A leading energy charity has said Rishi Sunak's £15bn package to ease the cost-of-living crisis has averted "the darkest of outcomes".
Soaring inflation and rocketing energy bills have left millions of Brits struggling to pay for essentials, with inflation hitting the highest level seen for decades at 9%.
After months of pressure and criticism for not doing more, on Thursday the chancellor announced a new package of measures.
Eight million households on benefits will receive a one off £650 payment
Every household will receive £400 towards their energy bills, with the £200 repayable 'discount' scrapped
Pensioners will receive a £300 cost of living payment
Non-means tested disability benefit claimants with receive a £150
An additional £500m will be added to the Household Support Fund
Much of the initial reaction the announcements has been positive, with experts and economists welcoming the new measures.
National Energy Action (NEA) said the package offered "hope" to households in fuel poverty.
"The chancellor’s new package today averts the darkest of outcomes, offering some hope to the millions of fuel poor households across the UK." said NEA chief executive, Adam Scorer.
"Millions will still be struggling and the energy crisis is far from over, but a large, more targeted intervention is what was needed ahead of winter. "
Richard Lane, charity director of external affairs Richard Lane at StepChange, said the measures will help "reduce the impact" of spiralling energy bills.
“The additional £650 of support to households claiming benefits, delivered without bureaucracy, on top of the general support being made available to all households, will really help to reduce the impact of the eye-watering cost of energy,” he said.
Torsten Bell, director at the Resolution Foundation, said the announcements were "big and very welcome".
"Chancellor almost doubles the level of energy support to over £30bn (£15bn extra today), and fills the huge gap in previous announcements with large targeted support for those hardest hit," said Bell.
"Things to quibble with, but this is big and very welcome indeed."
And Money Saving Expert Martin Lewis praised the government's new measures, emphasising the support on energy bills.
"The Loan-Not-Loan is thankfully now dead," said Lewis.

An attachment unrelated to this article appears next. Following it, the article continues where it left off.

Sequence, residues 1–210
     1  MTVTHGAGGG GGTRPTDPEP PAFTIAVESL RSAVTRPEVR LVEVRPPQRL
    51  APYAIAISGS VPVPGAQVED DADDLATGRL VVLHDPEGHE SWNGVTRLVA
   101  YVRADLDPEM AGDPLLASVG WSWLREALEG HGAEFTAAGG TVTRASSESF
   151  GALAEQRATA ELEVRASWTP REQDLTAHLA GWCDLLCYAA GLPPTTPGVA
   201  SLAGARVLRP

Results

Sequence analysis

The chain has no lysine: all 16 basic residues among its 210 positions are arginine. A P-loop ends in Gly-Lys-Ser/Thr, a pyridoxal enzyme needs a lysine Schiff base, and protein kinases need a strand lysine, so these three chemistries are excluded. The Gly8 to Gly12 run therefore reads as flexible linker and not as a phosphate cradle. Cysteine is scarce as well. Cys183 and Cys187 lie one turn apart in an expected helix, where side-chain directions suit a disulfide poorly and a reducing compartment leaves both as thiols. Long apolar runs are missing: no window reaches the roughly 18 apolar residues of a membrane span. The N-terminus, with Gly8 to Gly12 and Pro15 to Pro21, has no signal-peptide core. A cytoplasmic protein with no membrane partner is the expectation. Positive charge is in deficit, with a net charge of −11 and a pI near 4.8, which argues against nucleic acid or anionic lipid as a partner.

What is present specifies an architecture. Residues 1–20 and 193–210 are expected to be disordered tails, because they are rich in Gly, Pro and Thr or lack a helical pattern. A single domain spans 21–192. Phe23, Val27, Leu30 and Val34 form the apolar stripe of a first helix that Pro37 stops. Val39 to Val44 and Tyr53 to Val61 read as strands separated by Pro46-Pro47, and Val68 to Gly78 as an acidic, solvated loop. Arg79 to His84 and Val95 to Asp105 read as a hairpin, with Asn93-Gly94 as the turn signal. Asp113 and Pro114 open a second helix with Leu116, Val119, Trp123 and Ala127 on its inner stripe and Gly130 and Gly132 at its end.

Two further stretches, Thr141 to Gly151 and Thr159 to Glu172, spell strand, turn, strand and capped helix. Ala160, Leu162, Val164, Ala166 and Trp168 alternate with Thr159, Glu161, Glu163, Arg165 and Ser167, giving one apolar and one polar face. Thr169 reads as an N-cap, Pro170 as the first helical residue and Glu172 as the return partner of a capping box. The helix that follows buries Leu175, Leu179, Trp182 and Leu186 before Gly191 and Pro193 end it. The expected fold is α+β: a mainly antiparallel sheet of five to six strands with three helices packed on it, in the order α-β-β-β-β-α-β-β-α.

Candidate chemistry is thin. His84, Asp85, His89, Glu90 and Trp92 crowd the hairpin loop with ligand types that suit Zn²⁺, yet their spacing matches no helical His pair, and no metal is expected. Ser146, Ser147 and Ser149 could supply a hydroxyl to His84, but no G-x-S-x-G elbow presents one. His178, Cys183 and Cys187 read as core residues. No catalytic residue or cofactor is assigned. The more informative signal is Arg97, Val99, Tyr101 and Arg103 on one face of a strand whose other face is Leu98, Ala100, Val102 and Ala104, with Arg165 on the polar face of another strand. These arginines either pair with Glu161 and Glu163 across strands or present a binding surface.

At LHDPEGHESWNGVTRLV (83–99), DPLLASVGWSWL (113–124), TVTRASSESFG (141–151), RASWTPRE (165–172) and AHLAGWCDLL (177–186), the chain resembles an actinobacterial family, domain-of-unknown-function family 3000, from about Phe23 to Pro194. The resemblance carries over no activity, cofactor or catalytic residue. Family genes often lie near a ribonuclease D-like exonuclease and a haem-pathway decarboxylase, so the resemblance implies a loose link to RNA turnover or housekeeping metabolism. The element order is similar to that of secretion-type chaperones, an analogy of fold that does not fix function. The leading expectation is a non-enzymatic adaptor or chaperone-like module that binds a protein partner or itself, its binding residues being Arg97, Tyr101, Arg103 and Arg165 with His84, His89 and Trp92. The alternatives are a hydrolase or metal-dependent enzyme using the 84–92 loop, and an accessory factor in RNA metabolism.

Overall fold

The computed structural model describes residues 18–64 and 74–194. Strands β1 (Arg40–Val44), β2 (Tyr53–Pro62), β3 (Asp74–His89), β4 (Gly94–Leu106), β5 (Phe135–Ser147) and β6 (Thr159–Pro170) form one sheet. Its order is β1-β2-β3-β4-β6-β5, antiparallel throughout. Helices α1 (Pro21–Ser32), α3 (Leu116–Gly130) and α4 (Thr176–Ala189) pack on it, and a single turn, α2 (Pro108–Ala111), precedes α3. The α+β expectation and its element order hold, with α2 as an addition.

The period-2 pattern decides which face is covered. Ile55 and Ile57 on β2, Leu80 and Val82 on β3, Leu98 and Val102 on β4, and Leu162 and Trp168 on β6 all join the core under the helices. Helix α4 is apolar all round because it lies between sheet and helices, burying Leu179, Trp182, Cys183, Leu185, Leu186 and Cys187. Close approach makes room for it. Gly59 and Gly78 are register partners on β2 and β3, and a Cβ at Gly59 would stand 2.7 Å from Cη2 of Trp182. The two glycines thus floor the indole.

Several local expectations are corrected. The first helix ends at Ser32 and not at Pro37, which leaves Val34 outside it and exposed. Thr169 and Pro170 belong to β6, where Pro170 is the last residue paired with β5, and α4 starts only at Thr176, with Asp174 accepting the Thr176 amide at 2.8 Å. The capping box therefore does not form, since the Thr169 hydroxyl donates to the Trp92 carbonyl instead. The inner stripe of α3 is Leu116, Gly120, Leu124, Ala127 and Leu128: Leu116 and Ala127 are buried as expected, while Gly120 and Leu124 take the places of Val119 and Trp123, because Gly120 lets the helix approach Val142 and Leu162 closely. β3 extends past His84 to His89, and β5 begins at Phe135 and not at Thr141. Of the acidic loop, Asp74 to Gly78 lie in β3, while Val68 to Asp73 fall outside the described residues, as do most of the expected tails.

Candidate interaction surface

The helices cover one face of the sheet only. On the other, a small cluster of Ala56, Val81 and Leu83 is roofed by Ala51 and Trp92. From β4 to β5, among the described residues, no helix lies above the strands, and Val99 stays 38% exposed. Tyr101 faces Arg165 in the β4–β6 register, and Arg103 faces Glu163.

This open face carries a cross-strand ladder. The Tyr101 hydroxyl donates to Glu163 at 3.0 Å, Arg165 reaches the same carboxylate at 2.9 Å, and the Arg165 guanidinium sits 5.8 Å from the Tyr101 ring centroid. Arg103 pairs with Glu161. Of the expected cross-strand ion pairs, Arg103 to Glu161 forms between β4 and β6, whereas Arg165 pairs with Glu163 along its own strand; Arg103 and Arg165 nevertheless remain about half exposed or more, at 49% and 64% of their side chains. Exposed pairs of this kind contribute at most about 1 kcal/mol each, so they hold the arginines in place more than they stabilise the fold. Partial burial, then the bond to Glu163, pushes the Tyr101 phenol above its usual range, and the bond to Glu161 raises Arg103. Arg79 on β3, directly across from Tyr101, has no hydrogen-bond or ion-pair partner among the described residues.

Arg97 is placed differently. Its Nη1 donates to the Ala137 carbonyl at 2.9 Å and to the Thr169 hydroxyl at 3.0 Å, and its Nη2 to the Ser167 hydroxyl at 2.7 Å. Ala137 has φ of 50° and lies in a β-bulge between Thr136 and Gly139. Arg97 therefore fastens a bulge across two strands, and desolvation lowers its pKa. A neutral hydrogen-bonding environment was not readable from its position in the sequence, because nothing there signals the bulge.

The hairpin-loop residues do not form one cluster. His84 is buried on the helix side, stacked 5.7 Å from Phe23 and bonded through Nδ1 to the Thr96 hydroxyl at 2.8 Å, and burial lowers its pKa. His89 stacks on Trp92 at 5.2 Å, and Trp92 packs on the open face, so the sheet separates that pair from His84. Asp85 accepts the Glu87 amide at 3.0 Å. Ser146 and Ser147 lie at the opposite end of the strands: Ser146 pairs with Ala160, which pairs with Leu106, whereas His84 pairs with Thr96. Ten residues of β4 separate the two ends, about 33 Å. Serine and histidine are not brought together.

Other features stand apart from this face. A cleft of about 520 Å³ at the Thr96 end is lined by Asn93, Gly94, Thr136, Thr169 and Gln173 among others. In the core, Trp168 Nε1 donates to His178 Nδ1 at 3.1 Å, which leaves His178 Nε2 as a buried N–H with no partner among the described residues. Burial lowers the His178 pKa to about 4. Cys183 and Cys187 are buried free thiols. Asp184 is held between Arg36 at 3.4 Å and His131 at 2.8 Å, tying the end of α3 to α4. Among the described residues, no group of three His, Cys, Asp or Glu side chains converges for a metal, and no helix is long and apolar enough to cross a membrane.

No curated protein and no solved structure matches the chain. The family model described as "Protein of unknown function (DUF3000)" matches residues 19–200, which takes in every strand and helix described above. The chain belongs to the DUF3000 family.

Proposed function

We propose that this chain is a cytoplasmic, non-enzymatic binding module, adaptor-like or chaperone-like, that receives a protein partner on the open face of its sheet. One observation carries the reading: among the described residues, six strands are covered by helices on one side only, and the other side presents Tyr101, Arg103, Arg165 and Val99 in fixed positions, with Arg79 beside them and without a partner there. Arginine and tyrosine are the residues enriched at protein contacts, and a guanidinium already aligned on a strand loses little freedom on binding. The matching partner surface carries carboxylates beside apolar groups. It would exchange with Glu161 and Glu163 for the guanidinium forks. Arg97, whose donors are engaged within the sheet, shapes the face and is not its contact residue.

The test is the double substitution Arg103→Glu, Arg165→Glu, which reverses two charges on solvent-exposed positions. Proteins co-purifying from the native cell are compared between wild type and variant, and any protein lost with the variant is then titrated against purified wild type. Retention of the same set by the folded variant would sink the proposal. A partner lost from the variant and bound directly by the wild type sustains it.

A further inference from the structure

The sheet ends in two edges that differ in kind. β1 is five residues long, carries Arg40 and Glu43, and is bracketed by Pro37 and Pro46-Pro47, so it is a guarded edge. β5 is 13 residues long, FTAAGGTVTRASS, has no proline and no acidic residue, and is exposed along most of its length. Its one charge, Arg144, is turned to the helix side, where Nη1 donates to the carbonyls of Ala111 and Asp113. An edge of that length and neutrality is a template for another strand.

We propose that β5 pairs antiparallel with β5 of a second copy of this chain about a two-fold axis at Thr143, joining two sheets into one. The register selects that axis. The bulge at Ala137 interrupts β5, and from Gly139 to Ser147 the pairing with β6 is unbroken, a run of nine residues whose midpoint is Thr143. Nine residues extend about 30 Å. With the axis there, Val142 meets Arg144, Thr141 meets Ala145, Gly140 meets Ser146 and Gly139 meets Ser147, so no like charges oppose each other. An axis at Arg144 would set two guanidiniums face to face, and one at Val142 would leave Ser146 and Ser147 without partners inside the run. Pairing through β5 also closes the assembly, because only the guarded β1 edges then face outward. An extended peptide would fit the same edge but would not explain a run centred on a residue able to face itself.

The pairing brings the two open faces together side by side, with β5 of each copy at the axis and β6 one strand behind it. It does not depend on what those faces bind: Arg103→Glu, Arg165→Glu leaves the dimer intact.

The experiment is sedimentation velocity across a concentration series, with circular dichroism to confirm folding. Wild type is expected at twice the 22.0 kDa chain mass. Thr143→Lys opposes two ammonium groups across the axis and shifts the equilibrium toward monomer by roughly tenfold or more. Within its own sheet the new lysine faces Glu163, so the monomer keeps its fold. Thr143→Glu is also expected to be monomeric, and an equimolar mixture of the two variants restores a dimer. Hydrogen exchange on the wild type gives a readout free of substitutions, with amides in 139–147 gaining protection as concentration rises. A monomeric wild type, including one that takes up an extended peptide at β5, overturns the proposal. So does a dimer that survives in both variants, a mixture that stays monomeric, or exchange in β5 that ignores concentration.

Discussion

Read more: How to save money: 22 easy cost-cutting tips
"It is now a grant coming off bills. And it is bigger.
"So now all energy bills will be reduced by a flat £400 this October. Good move"
However, some economists said the measures did not go far enough.
“Additional targeted support for the 8 million people on low incomes is the right approach and will help many on the brink,” said Mia Fahnbulleh, director of the New Economics Foundation (NEF).
“But a one off payment of £650 doesn’t begin to restore the huge hole in social security that has left these families so vulnerable to the cost of living crisis.”
And progressive think tank IPPR said Sunak is "belatedly rising to cost of living challenge" but leaves millions of families uncertain of future and called for a permanent increase to benefits.
The Treasury say the new package of measures will be funded windfall tax on the unexpected profits of oil companies due to market volatility.
Labour criticised the chancellor for ignoring Labour's calls for a windfall tax until Thursday, after months of pressure.
“After five months of being dragged kicking and screaming, the chancellor has finally come to his senses, U-turned, and adopted Labour’s plan for a windfall tax on oil and gas producer profits to lower bills,” said shadow chancellor, Rachel Reeves.
She added: "And they still have no long term plan to grow our economy and pull us out of the mess they’ve got us into.
“Only Labour will tackle the cost of living crisis, grow our economy and make it stronger to protect it from shocks.”
Watch: Rishi Sunak unveils £15bn package and U-turns on windfall tax to help Britons 'hit hard' by cost of living surge